That’s why I so adamantly endorse the celebration of “little victories,” as the cliche goes. Seeing my physical therapist’s smile of approval when she informs me that my strength measures have increased again or receiving a compliment from someone in class about my turns has the power to wipe away the grease of all the things wrong with my body and my recovery that are threatening to destroy my meringue. So, whenever you notice something you think deserves an affirmation, affirm away! It’s rare that you’ll know just how impactful your gesture could be for the other person. To the many people who have done this for me, I thank you; you are part of the reason I am able to keep up my meringue morale.

Therefore encourage one another and build each other up, just as in fact you are doing.

1 Thessalonians 5:11



Pomegranate Pavlova



  • aquafaba from 1 can of chickpeas (my can was 15.5 oz.)
  • 1/4 tsp cream of tartar
  • 1 cup sugar
  • 1/4 tsp anise extract


  • 1.5 cups pomegranate seeds (about 1 large pomegranate)
  • 3 TBSP cornstarch
  • 1/4 cup water
  • 1 TBSP molasses
  • 2 TBSP cup sugar
  • 1/4 cup vegetable shortening, melted
  • 2 TBSP almond milk


  • vegan whipped cream
  • more fresh pomegranate seeds


  1. Preheat oven to 250°F. Line a baking sheet with parchment paper, and draw two 6″-8″ circles lightly on the paper.
  2. Place aquafaba in bowl of a stand mixer fitted with whisk attachment, and begin whisking on high speed. Add cream of tartar after about 10 seconds when aquafaba is foamy.
  3. When mixture becomes white and starts to increase in volume, begin adding sugar a little at a time with the mixer still running until all of it is incorporated.
  4. Continue whisking until meringue forms stiff, glossy peaks. Flip bowl upside down to check if it’s ready if you’re brave!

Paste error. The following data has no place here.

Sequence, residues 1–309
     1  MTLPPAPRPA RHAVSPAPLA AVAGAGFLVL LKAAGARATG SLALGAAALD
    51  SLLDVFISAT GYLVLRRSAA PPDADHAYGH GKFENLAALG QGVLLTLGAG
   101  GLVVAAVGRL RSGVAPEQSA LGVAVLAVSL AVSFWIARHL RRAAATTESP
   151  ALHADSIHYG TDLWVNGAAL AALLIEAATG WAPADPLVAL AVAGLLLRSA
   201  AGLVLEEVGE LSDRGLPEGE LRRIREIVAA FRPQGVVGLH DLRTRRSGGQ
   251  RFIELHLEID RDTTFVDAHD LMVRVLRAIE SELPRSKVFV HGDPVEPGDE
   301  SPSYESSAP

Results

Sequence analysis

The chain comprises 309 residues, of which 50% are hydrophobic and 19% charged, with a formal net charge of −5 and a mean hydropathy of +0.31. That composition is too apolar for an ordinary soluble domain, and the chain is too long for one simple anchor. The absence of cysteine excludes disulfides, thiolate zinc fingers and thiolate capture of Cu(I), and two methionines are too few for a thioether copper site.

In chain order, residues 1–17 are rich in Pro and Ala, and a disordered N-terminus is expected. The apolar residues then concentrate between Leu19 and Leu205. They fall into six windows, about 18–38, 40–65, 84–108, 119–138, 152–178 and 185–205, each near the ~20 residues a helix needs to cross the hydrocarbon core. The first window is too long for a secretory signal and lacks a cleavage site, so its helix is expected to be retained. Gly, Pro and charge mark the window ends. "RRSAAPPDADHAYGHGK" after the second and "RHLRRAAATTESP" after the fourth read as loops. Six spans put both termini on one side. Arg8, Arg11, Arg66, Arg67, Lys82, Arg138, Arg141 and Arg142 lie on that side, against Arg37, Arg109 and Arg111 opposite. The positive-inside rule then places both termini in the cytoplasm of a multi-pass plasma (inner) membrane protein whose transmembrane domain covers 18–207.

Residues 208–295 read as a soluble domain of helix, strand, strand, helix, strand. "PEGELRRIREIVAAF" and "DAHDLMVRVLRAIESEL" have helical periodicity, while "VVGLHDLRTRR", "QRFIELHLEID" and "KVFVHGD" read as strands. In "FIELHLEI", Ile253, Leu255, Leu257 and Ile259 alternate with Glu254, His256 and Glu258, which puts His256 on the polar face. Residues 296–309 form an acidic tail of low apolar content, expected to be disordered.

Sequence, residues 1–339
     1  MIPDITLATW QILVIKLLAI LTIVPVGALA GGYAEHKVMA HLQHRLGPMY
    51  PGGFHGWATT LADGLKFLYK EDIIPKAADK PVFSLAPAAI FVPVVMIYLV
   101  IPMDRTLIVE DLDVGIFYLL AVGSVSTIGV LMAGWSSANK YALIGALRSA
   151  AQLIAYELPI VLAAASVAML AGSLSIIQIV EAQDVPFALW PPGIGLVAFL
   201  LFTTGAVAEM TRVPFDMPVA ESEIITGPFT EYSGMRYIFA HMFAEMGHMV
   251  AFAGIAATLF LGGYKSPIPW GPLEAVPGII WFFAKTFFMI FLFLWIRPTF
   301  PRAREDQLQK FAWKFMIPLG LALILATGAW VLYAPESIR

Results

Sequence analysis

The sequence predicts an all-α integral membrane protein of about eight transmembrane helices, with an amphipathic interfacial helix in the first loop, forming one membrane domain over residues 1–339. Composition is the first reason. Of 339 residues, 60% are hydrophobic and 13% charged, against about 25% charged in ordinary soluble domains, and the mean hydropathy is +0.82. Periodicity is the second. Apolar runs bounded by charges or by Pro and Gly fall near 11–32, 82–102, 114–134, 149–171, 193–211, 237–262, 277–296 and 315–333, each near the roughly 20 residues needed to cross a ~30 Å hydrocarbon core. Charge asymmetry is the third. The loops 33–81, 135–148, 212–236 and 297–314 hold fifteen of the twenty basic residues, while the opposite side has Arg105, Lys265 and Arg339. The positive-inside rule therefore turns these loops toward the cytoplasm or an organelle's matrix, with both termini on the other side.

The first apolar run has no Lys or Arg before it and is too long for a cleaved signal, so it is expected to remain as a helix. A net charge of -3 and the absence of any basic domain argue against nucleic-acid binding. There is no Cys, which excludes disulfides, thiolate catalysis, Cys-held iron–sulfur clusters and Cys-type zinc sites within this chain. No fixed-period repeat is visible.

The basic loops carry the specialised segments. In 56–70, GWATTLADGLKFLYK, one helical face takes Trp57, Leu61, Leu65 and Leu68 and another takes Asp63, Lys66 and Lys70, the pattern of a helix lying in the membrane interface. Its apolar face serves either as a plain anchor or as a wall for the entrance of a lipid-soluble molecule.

5. Add in anise extract, and allow to mix in thoroughly (don’t worry about over-mixing, aquafaba won’t act the same as egg whites).
  6. Spoon meringue onto baking sheet into the two circles and gently spread it to the edges of each.
  7. Bake for about 1 hour and 15 minutes, until outsides of meringue are completely hardened. Turn oven off, prop open door with oven mitt, and leave meringues in oven for another hour.
  8. Make filling: pulse pomegranate seeds in food processor/Nutribullet/chopper until liquid. Strain to remove seeds. You should be left with about 1/2 cup juice.
  9. Combine water and cornstarch in a saucepan. Whisk in pomegranate juice, sugar, and molasses.
  10. Cook over medium heat, whisking continuously, until thickened. (This will happen very quickly just as mixture is about to boil).
  11. When mixture thickens, immediately remove from heat and stir in almond milk and melted shortening until completely smooth. Allow to cool and keep in sealed container in fridge until ready to use.
  12. Assemble pavlova: Spread filling, whipped cream, and fresh pomegranate seeds on the first layer of meringue. Top with second meringue, and top with remaining seeds, whipped cream, and filling.